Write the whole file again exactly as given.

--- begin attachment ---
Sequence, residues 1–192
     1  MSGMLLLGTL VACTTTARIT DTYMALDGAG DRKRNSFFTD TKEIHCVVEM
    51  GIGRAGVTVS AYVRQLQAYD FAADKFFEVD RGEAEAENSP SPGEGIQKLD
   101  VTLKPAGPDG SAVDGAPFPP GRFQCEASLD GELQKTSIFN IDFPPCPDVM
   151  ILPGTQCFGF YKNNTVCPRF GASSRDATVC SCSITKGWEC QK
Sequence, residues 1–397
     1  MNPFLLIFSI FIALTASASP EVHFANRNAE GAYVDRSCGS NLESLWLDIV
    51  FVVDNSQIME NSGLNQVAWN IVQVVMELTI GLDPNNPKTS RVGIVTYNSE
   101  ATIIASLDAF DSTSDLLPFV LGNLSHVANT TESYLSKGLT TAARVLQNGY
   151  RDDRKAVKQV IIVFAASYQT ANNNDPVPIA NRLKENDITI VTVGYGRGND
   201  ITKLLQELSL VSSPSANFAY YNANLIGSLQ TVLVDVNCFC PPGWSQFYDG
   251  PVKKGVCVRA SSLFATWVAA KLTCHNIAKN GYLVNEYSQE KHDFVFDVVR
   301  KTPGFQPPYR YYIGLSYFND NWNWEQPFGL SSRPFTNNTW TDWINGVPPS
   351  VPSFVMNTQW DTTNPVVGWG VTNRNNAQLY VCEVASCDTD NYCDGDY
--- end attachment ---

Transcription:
Sequence, residues 1–192
     1  MSGMLLLGTL VACTTTARIT DTYMALDGAG DRKRNSFFTD TKEIHCVVEM
    51  GIGRAGVTVS AYVRQLQAYD FAADKFFEVD RGEAEAENSP SPGEGIQKLD
   101  VTLKPAGPDG SAVDGAPFPP GRFQCEASLD GELQKTSIFN IDFPPCPDVM
   151  ILPGTQCFGF YKNNTVCPRF GASSRDATVC SCSITKGWEC QK
Sequence, residues 1–397
     1  MNPFLLIFSI FIALTASASP EVHFANRNAE GAYVDRSCGS NLESLWLDIV
    51  FVVDNSQIME NSGLNQVAWN IVQVVMELTI GLDPNNPKTS RVGIVTYNSE
   101  ATIIASLDAF DSTSDLLPFV LGNLSHVANT TESYLSKGLT TAARVLQNGY
   151  RDDRKAVKQV IIVFAASYQT ANNNDPVPIA NRLKENDITI VTVGYGRGND
   201  ITKLLQELSL VSSPSANFAY YNANLIGSLQ TVLVDVNCFC PPGWSQFYDG
   251  PVKKGVCVRA SSLFATWVAA KLTCHNIAKN GYLVNEYSQE KHDFVFDVVR
   301  KTPGFQPPYR YYIGLSYFND NWNWEQPFGL SSRPFTNNTW TDWINGVPPS
   351  VPSFVMNTQW DTTNPVVGWG VTNRNNAQLY VCEVASCDTD NYCDGDY